(ARK.) oopnign BLYTHEVILLE COURIER NEWI •mm COURIER NEWS co. H. W. HAIKE8. Publisher BABRY A. HAINE8, Ajaistant Publish* A. 'A. PREDRICK8ON, Idltor FABL D. HUMAN, Adrertislng Manager Sole National AdrertUlng Representatives: Wallace Witmer Co, New York, Chicago, Detroit, AUuita, Memphis. Entered u second cUaa nutter »t th« poet- at Blytlwxlll*, Arkansas, under act of Con- October U, l»17. Member of The Associated Press SUBSCRIPTION RATES: By carrier In the city of BlTtheville or any suburban town wher* carrier service U maintained, 25o pu week. By mill, within a radius of SO miles, 15.00 per year, I2.SO for six months. 11.25 for three months; by mall outalde 50 mll« zone, *1J.M per year payable In advance. Meditations And thou Shalt love the Lord thy God with all thy heart, and with all thy soul, and with all thy mind, and with all thy strength: this is the first commandment.—Mark 12:30. * * * The ; lov« of God ought continually to predominate in the mind, and give to every act of duty grace and animation.—Bcatlie. Barbs If neighbors' chickens get into next-door gardens next summer, some people will be foolish enough to chase them back home. ' * * * Wen, an of the big horse races are over— au»4 rnasi of the spectator* came In last. * " * j Americans spend more money for gum than for religion. Well, gum is used every day. * * * «re lilH waiting for the tax on to be removed—thavt blow below the belt. Ttilj Is the season when grasi grows fastest. Momr tremble for yoa. th« rffsct of adding BJW turns to tt* monetary stream. Without adequate eh«ekt, government fpending is certain »nyw»y to in- creas* inflationary pressure*. Billion* will be put into circulation in the form of wages and other payments. But wage and salary earners will have l«ss civilian goods to buy, and thus may bid up prices of the things that are on hand. Congress plainly has its work cut out for 1952 if it intends to shrug off more new taxes. It may have to cope with unruly inflation. And it may have to do something convincing about government economy. The Hoover Commission showed the way to vast potential savings, but thus far the lawmakers have barely scratched the surface. The pleasant game of postponing the day of reckoning cannot be played much longer. Views of Others The Boyle Case—A Study In 'Loyalty' Congress Can't DiIly-Dally On Vita! Problems Forever When Congress reconvenes in January, it will have to face all over again the questions of taxes, inflation, and colossal government expenditures. President Truman got a $5,700,000,000 tax bill from Congress this year •whan he had a eked for nearly twice that. He has already served notice he will ask moj-e levies when the lawmakers return. His request probably will touch 15,000,000,000 or higher. But at least two factors militate against his getting what he wants. The first is that 1952 is an election year. Congress is notoriously reluctant to vote a single additional penny in taxes when • it must confront the voters the same fall. The second thing is-that many lawmakers are firmly convinced that we have almost reached a ceiling on taxes, that the American people will not and should not stand for higher levies. This attitude was amply expressed in the sudden upset of the 1951 tax bill in the House during the closing days pf the session. The reverse was temporary, but it may easily have been a harbinger of 1952 events. If Mr. Truman's forthcoming tax proposals are indeed doomed, the ingenuity of both Congress and the Administration in meeting the problems of new inflation, and even heavier spending, will be sorely tried. The 1951 session appropriated 591,- • 664,860,000 for use in the current fiscal year ending next June 30. That is the largest sum ever voted in peacetime, and- comes close to matching the heaviest budgets of World War II. As everyone knows, the overwhelming bulk of that money was earmarked for our own defense, and for military and economic assistance to our allies around the world. The military appropriation, for example, ran' to $57,000,000,000. Economic forecasters, casting up a potential balance sheet for the year, believe that these expenditures will outdistance revenues by almost $10,000,000,000. Even the new tax bill will not make much of a dent this type, since it is taking effect for the moat part well after the start of the fiscal year. Next year the biggest budget items promise to be bigger still. A boost in the Air Force from the present 95 groups to 130 or 140 will cost added billions. The ground is being prepared for heavier atomic-weapons arsenal we are building. If there is no new tax bill, the deficit . will be greater. The deficiency will have to be made up, as always, by government borrowing. But this throws part of the burden for present armament upon future generations. And besides, borrowing is highly inflationary, since it has In his letter of resignation to his old friend Harry Truman, Democratic National _Chalrman Bill Boyle wrote that he was happy to be able U> turn over to his successor a political organization In fine running order. This is about ns euphemistic as Mr, Boyle's explanation that he Is retiring because of ill health. The fact is that Bill Boyle is stepping out under fire, and the political organization he heatled is riddled by deep disaffection. It may very well be that Mr. Boyle U guilty of no crime. It may also be true that, by his own lights, he is not even guilty of any Impropriety. It Is, as a matter of fact, Mr, Boyle's lights that are so disturbing. Mr. Boyle, the bland Irishmnn, makes a convenient symbol of the order of the day In Washington. The retiring national chairman is a classic American type; you 'Can find his counterpart in every city hall, every county courthouse, every sUtehouse In the land. Such men belong to every party, for the good reason that they have no Ideology of their own; only a sharp eye for the political currents that lead to power. These men are fixers, not policymakers. They, have discovered an elementary truth: that in the sharp competition of politics, a tight, cohesive organization almost always wins. Common principles cnnnot be depended upon to produce the necessary unity, but mutual Interest will usually hold the most diverse group together. Thus for men of Bill Boyle's persuasion loyalty—the favor returned, for the favor none—Is not an ethical consideration but?n practical tool. It can be argued—as Harry Truman, for one, hw argued—that there Isn't anything fundamentally wrong with this political concept. But the argument rests upon the promise that the Interest of the political organization, to which Its members owe their final allegiance, is always identical with the pii'blic- interest. This, unfortunately. Is not always the case. It is. for instance, in the Interest of the Democratic organization to see that the nation's collectors of Internal revenue are men who have served the Party faithfully and well, and will continue to do so. It is In the public interest to see that collectors of Internal revenue are honest, efficient, and dedicated to the proposition that the considerable powers of their office shall not be used for political purpose*. Obviously, il has not been possible to meet both these conditions, and under Bill Bnyle loyalty to the political organization has prevailed. This, In essence, is the story of Bill Boyle. It Is also the story of Harry Truman—not the whole story, it is true, but an Important part of it. Mr. Truman could argue, as could every major American office-holder (Including Governor McMath, who is in a not dissimilar position) that It Is beyond the power of any man to abandon the patronage practices that, in one form or another, are basic to our political system. This may be truo, but at the very least it Is Incumbent upon the man in the place of final responsibility to watch the system, keep It under control, guard against its abuse. The-se ii no evidence that' Mr, Truman has done so. —ARKANSAS GAZETTE SQ THEY SAY Thay DMOM ot Home Pcttr fdson's Washington Co/urn Reduction of Marshall Plan Aid Sbouldrit Slow Recovery Abroad once over lightly- By A. A. Fndrkkaan Triers may sxist more irony somewhere in this quaking globe at ur« than is extant m the lUtementa that while Korean truce talks re "stalled" they are not "deadlocked." But It's hard to decide.where. Incontrovertible (set forces me to admit that my formal education nded somewhat abruptly—at Uncle •m's urging—and that ss s student of semantics I am still wesr- nf my freshman beanie. * . * * HOWEVER, I PREFER not to pi it hairs in any realm of activity, it the abuse of language or the waging of wars. For many moon's now, we have been spoon-ted caution by various paragons of diplomacy who point mt with a. long fsce that there are numerous strings on this "police ac- lon" proposition and we daun't yank the wrong one else the whole :lobe explode in our faces/ I don't doubt that the considerations in a deal like this number as PARIS (NBA)— In spite of Congressional culfi In Marshal] Plan funds for 1 the period ending next June 30, American officials in Paris believe that European reovery can continue almost unabated. Congress was asked for J1.6 billion for this final year of the Marshall Congress Plan. appropriated, for purely economic recovery In , Europe, 51 billion 1 In round numbers, 'About half ot this will go to ..... Greece, Austria, Peter Edson Trieste and other areas where recovery has been slow eat. But the western Europenn countries will not suffer by reason of an additional lack of dollars, trom having this extra aid cut off. Three factors will be responsible. 1. Greater numbers of Americai troops in Europe will be spendin more dollars in the North Atlantic Treaty countries. ' .2. What the French Mil the "Intra -structure" will begin to operate. This Includes United States M11I- tr.ry nirt In the form of dollars to pay for A share of construction costs on military roads, airfields and other installations in Europe. 3. What American officials call "off shore" procurement for European defense will pump more funds into western Europe. This Is purchase of military Items for both American and European armies, produced in European factories, instead of In American factories. There may be some squawk about this last part from American manufacturers. They will ask why this U. S. dollar business should be given to Europeans instead of being kept at home. Dollar Buys More In Europe Than In TJ. S. The readiest answer given Is that this is really a saving to the U. S. tax payer, since more defense can be purchased with a dollar spent in Europe than a dollar spent in America, because of lower production costs. Also, the United States Is having some difficulty in producing' what is now on order. And finally, the European share of this defense production Is relatively small. The American defense program is $60 bllHon this year. Total defense funds allocated for Europe nre S5 billion, and about 90 per cent of this will be spent in the United States. One other argument is that an approximate half-billion dollars or so spent in Europe on defense Production now win help get European arms manufacturing industries built up to a level where they can ultimately supply all Europe's needs. But all this European nrms production aid, whatever the final amount decided on, will require careful planning. Contracts have to be placed where they will do the most good. And to do this, they have set up still another alphabetical agency of Americans In Europe. It is called EDECC—European Defense Economic Coordinating Committee. EDECC's members are Charles M. Spofford. senior U. S. represent- atlve in Europe and American mem- of the North Atlantic Treaty Council; Gen. Thomas T. Handy, 1 commander of American military orce* In Europe; Maj.-Gen. Cortland Van Rensselaer Schuyler. deputy chief of staff representing General Eisenhower; William L. Blatt, American chairman of the European Defense Production Board; and Paul Porter, now head of what's left of the Marshall Plan organization In Europe, soon to be liquidated or transferred to Averill Harriman's new Mutual Security Agency. , Ike's "Crusade" Replaces Marshall Plan Removal of the Marshall Plan from the European scene will take something very definite, out of Europe besides dollars. In the three years it has been in operation it has given Western Europe a great moral and morale lift. It has sparked European recovery and, it unquestionably helped prevent Western Europe from going Communist. Concurrently with the Paris automobile show, across the Seine the Marshall Plan has had its "European Train" on exhibition. It corresponds to the American Freedom train. It has toured nil Western Europe, and it has drawn and Is stil drawing capacity crowds. It ha. been a tremendous propaganda lift And this lift has been the intang ible asset which the Marshall Plan has supplied Europe. It is being replaced now with General Elsenhower's new crusade That'shows signs of providing an even greater boost to European morale. But the Marshall Plan showed the way and wha.t*could be done. The DOCTOR SAYS By EDWIN P. JORDAN, M.D. Written for NEA Service The first and most interesting etter today is a real $64 question. Q — "I know that shingles is 'a kin eruption following the course of a nerve. What causes the shingles :o appear, or rather, what causes :he disturbance with the nerve?" A — The Immediate cause of shingles or Herpea ioster I* a virus, which lc a small living organism loo small to see tinder the ordinary microscope. Why this virus 'attacks some people and causes shingles and not others, no one really knows. In face, why many of the disease attack some ani not others is one of the great mysteries of the world. • • • Q— "When you have your teeth pulled out with nerve block, can you feel them coming out? My doctor advised this and my friends tell me there Is positively no feeling." H.L. A— It Is correct that there is no feeling from the removal of teeth In the area supplied by the nerve which Is blocked. This Is a common method of removing teeth when all the circumstances Indicate It, • • • Q — "My baby Is to have an eye iperation because some of the mus- les in her eyes are paralyzed. Could th* fleas on a cocn hound. No war in history hai been fought u has the Korean brawl. Perhaps that's because it's not a war. Deep down Inside 'em, the true professional soldiers who haven't taken side excursions into diplomacy and politics, musTbe alternately guffawing' and weeping at the procedures W date. • '» * IT HAS BEEN debated many times, this proposition of conducting a police action with thi) tools and strategy of war. Or conducting a war with the gloved touch of a diplomat's limp handclasp. Take sour choice; you can't possibly add to the confusion. I know nothing of tactics and strategy necessary to brina a war to successiul conclusion, anu the wily maneuver I learned in tour years with the Navy was how to weave down a foggy pier and hit the gangway without wandering off into the harbor. But I have yet to -hear or read or be told of anyone coming out top dog In a gun luss without completely clobbering his opponent. By ' present standards, we should be ' frightfully ashamed of the vandalism our boys committed at Guadalcanal, Iwo Jima, Kwajalein, Frankfurt, Omaha Beach and Salerno. • • • THESE WORDS AREN'T aimed at our field cuic'ers or the men trtey, lead. For that matter, I have 1 no bone to pick with the brass up to the policy level. Then phooey. Our armexl forces, which always have operated wars according to the ultimate instructions of a military-civilian combo at the top. now resemble the headless critter that chased oP Ichabod orane all over •ou discuss this?" Reader A—The transplantation of mus- hes of the eye so thai good musses will take over aome of the 'unctions of poor ones is highly effective in many instances. It is commonly done early in life -since :his mar preserve some of the nor r trial vision which might otherwise e lost.. Q—"What happens to a person's mental facilities when he gets 'dead drunk'? Docs such a. person know what heis doing or paying? When his head has cleared, can he remember what has been done or said?" W.JT. A—Alcohol Is classed as an anesthetic, and drinking enough will cause a person to become entirely unconscious. Under such' circum- sUncei, th« person will not know what he is doing; or saying and frequently eannot recollect afterwards what occurred during the time of being "dead drank." • * • Q—"Is there any relief or cure for cramps m the legs which occur at night?" W.B.J. IN HOLLYWOOD By F.RSKINE JOHNSON XKA Stiff Correspondent HOLLYWOOD (NEA1 — Exclii-nng suit she tried on for the film I want every Democrat to put patriotism above iwlitics. — President Truman. * * • This nation's foreign policy must be capable of quick adjustment to changing conditions, while.. we stand firm on basic principles.— Sen. Tom Connnlly (D., Tex.). Some are now saying, "Either extend the war or get out of Korea." They are asking us to choose which of two roads to disaster we should lake. Our choice must be to take neither If we can avoid it.— Dean Rusk, assistant secretary ol state. • « « His soldierly qualities were never more pronounced. It think this has been his finest hour. Maj.-Gcn. Courtney Whitney on how General MacArthur took his dismissal. • * • I don't think Elsenhower can be drafted and I rton't. think he can get the nomination by betng coy. I think Eisenhower should relinquish his command and come home and declare himself and tell where he starvls.— Oov. val Peterson of Nebraska. • * • On the international scene we have been out- bargained. out-smarted and out-maneuvered. VVe have undergone hum illations unparalled in our history.— Uep. Joseph W. Martin, Jr. (R-, Mass.), on Administration diplomacy. sivcly Yours: Doanna Durbin again is hinting (or a chance at a film comeback in letters from Paris to Hollywood pals telling about her new svelte figure. Joe Pasternak, who dicovcred her and produced nil her hit films, is still dreaming of guiding her bach to boxoffice fame but not in the immediate future. Peanna's 26 now," he told me, "I'm going In wait until she pets a little, oldrr. Slie'll mature nnii be another Jenneltc Mac-Donald." and which had to be remodeled because of censorship. "It was awful." she confided, "no two things hap- Sce HOLLYWOOD on Page IS ;et the contract. East's little swindle was very neat, of course, but nothing to rave about. It worked only because South was too greedy to be satisfied with a sure ten tricks and the rub- JACOBY ON BRIDGE By OSWALD JACOBT Written for NEA Service Reason for joe's flylng-down-to- Here's Some Adyice: Rl ° "'P:. .„ , ,.. .. i Don't Be A movie. Latin Lovers, in which he says he'll co-star Lana Turner »Y OI , can - t swindle an honest and Fernando^Lamns.^ man." all the confidence men will tell you. Thp easiest mm to swin- Jantt Leigh, in her new short-Idle is the creedy fellow who's out bobbed hair, and hubby Tony Cur- j for a profit that doesn't belong to its may get their wish to co-star In j him. The honest man will pass that a movie—a trailer. | prout tip, but the greedy fellow will MGM wants to borrow Tony from ] reach for it every time. UI for « day to work with Janetj Is this a sfrmon ov a bridge col- in the trailer for "Just This Once," umn? Today it happens to be a In return. Janet will be seen In the little of both, trailer for Tony's new film. "Hear; West opened the queen o[ spades No Evil." j in the hand shown today, and Prepare Stage Act South won in his own hand with Esther Williams and hubby Ben ; the ace. He counted six clubs, two Qage are working up a stage act. for! spades, and a heart no matter what the New York run of "Skirts Ahoy" i happened—so he was always sure which will be unveiled on the tenth! of his Rsme. Meanwhile, there was anniversary of the WAVES around! no harm in taking a look at the Easter time. Ben will sins and Es-, diamonds. ther Mil work with four girls in a So declarer led the Jack of dia- comedy scene from the picture In! monds at the second trick. West which she sets drenched In s wa-! naturally played low, anrl so did ter-and-mop initiation to the; dummy. East won with the ace of WAVES. j diamonds. "Well prove to people." Esther! East returned a spade to rium- M>S. "thai things aren't always my'5 king, and South got hack to tricked up in Hollywood." jhis own hand with the nine of ciubs Her fans may scream about hcrjin order to lead the ten of dia- lack of swimming in "Texas Car-1 monds. West again played low. and nival," but Esther isn't worried. "i's.-> did dummy. Just write them and say I do a lot Thereupon East produced tho of swimming in Skirts Ahoy' and Queen of diamonds to win Ihe trick that Hit Annetlce Kellerman story He then led a lliird round of spades, will be all swimming." allowing his partner to win three ..... „*. „*, o«mmmi5. avowing nis parinfir 10 win tnree I The movie mermaid Is still blush-! tricks in that suit. Three spades ing over the regulation WAVE baih- and two diamonds were enough to NOETH. (D) WEST * q.r loai V K83 • 642 » A5 • K73 * AKJ1083 • EAST *9632 VQ9762 • AQ North 3* Pass sotrra * A. 4 ¥J104 • J1098J + Q93 Both sides v\H. C*M Sooth Weal Pass 1 » Pass Piss 3 N.T. P*M P»s» Opening lead— *9 xr, A sensible declarer would havi laken his 630 points and would nol nave risked them for the sake o! an uncertain 30 or 60 points more 75 Years Ago In B/ytheri'fe— The Biytheville Chickasiws. pow crful bjt inexperienced, defeated the lighter Greenwood (Miss.) Bull dogs, as smart a football team ever played on Haley Field, Frld night, 13 to 7, to register their 25t consecutive victory. A distinct earth tremor was fe: here at 10:30 o'clock last night. S< far as could be learned no damage was done. A marriage of wide interest her was that of Miss Ethel Emmersor of Hernando, Miss., and Fran Webb, of this city, which was so cmnizeci at. the home of the bride parent*. Mr. and Mrs. C. E. Emer son. of Hernando, Saturday morn ing. A—This is an extremely corn- on condition which is sometimes lated to poor circulation, some- mes to pregnancy, and sometimes causes which sre more obscure, onw people geta certain amount relief by mftiag around for a ort time. Apparently a number 'of persons Sleepy Hollow. Only_they haven't got nearly ths leeway that Icky'B pursuer had. UN torces have depreciated the value of considerable Korean re^l estate andl have, cut the population of China a fraction. In reply, tho Commies have plowed under much acreage and increased our total war dead by a number roughly approximating the population of ville. It did not increase his popularity » in ofiicial circles, but it did ma.kelj considerable sense when Mac Arthur pointed out the simple Uuism that the-ultimate aim of fighting a w-ir is to win it, Otherwise it becomes a costly and painful outdoor sport. IT HAS BEEN publicly acknowledged and proven to date that you cannot parley with the Reds, whose purpose appears to be more nearly above than anything "else. Truce talks In Korea already have.(alien flat onoe, yet we worry about a deadlock over the resumption • of them; The words armistice, truce and ceasefire have been bruited about so loosely that they have become iynonomcus, and the resultant mixture resembles an attempt to concoct a highball out of water and ice cubes. The umpteenth round in the current truce debate is at hand and although the Reds flatly refuse to budge, UN bargainers still claim it^ is no deadlock. It isn't clear whosai dictionary they are using. The UN has bent over backward to jolly the Reds along in these tete-a-tetes because our policymakers and our allies are afraid of hurting somebody's feelings—while admitting that Stalin probably doesn't want a hot war on his hands. V Bending over backwards Is a po- !th thl § difficult? do not" ha re I lite posture all right, but it's » hell- alcium In their syitems and aeerm | uva awkward position In which M See DOCTOR SAYS on Page 17 fight a war that ain't a war. Gourdlike Fruit Answer to Previous Puzzl* HORIZONTAL 4 Afternoon 1 Depicted via* (ab.) fruit SType of (They are deep cabbage yellow in —- « Roman road 13 Vivify 7 Approach 14 Papal cape 8 Pr!c« 15 Disencumber » Either 18 Bounds 10 Race course 18 Metal fastener circuit 19 Near n Hodgepodge »Writing fluids «6 Brother of 26 Notched 12 City in Nevsds 30 Bird '« nom » Jscob <Bib.) 22 Hawaiian bird 17 Parent 39 Whit 47 Finished 23 Hebrew letter JO Evening song « Greater 48 Heavenly body 24 Musical not* 21 BaiJid quantity 50 Beverage 26 European coal 23 Pompous show 42 Bows slightly 92 Chest boos field 25 Ascended 28 "Emerald Itle"28 Unspecified 11 Hideoua quantity monster 17 OH SI It grows oai 33 Intend 34Requetti 35 Icelandic s** MTrUl »7 Dtmlogthr* c< Edward 38 Half -em 43 Gold Coast Negro 44 Vipers 45 Branchia 54 Indian mulberry M Symbol /of thulium 4lPledaw! x 47 Doctor of Scteoct (ab.) 4»ChiM 51 Garden spot in 52 Dec ay 53 Mountain nympfc 5$ Native platinum S7 Repasts M Sleep VZKTTOAL 1 BraiUiaa state Itnitlnrt psrt } Among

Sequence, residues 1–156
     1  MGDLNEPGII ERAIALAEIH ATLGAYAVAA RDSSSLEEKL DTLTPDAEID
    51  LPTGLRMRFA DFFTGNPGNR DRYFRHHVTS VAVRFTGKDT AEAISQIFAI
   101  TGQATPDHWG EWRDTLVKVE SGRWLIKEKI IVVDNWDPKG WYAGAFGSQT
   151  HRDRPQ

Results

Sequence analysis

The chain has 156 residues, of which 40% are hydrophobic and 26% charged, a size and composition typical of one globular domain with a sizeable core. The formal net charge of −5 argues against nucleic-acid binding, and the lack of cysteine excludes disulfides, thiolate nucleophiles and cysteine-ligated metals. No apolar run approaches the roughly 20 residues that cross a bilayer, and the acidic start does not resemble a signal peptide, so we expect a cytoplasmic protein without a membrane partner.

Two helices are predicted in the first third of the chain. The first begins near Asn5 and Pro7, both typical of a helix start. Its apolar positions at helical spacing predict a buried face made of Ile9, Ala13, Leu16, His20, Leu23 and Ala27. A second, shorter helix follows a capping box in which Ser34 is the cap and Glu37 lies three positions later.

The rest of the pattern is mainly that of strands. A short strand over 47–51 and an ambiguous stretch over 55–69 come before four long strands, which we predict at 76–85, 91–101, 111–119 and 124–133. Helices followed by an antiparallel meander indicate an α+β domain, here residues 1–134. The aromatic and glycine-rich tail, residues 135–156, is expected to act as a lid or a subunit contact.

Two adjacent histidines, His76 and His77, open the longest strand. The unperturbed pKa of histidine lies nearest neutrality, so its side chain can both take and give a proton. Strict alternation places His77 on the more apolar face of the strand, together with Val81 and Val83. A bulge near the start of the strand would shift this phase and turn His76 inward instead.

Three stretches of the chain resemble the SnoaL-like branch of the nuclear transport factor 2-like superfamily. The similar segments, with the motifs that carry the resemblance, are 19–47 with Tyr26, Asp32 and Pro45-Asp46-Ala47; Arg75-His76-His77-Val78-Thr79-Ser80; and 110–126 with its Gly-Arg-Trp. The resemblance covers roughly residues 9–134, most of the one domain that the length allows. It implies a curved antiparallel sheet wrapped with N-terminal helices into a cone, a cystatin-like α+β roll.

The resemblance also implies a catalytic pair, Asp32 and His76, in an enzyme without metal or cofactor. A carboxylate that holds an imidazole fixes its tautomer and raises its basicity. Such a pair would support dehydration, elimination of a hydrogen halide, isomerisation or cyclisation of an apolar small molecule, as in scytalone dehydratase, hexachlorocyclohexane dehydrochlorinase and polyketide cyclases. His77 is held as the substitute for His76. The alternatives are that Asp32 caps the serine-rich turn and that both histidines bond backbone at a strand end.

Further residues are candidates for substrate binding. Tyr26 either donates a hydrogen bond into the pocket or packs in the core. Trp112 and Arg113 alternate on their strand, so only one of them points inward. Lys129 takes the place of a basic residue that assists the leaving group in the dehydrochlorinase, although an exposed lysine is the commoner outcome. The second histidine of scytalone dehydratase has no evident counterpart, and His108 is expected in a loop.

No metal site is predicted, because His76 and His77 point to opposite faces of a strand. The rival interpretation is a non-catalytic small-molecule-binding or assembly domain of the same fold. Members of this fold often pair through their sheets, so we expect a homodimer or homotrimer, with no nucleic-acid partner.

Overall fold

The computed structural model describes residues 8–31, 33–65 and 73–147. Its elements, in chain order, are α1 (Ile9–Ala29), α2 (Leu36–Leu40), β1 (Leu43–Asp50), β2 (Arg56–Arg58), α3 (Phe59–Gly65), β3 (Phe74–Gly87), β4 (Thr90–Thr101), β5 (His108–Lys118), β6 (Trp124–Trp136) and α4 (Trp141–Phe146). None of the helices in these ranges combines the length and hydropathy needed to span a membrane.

What members have found on this page

Get access to Newspapers.com

  • The largest online newspaper archive
  • 8,900+ newspapers from the 1700s–2000s
  • Millions of additional pages added every month

Try it free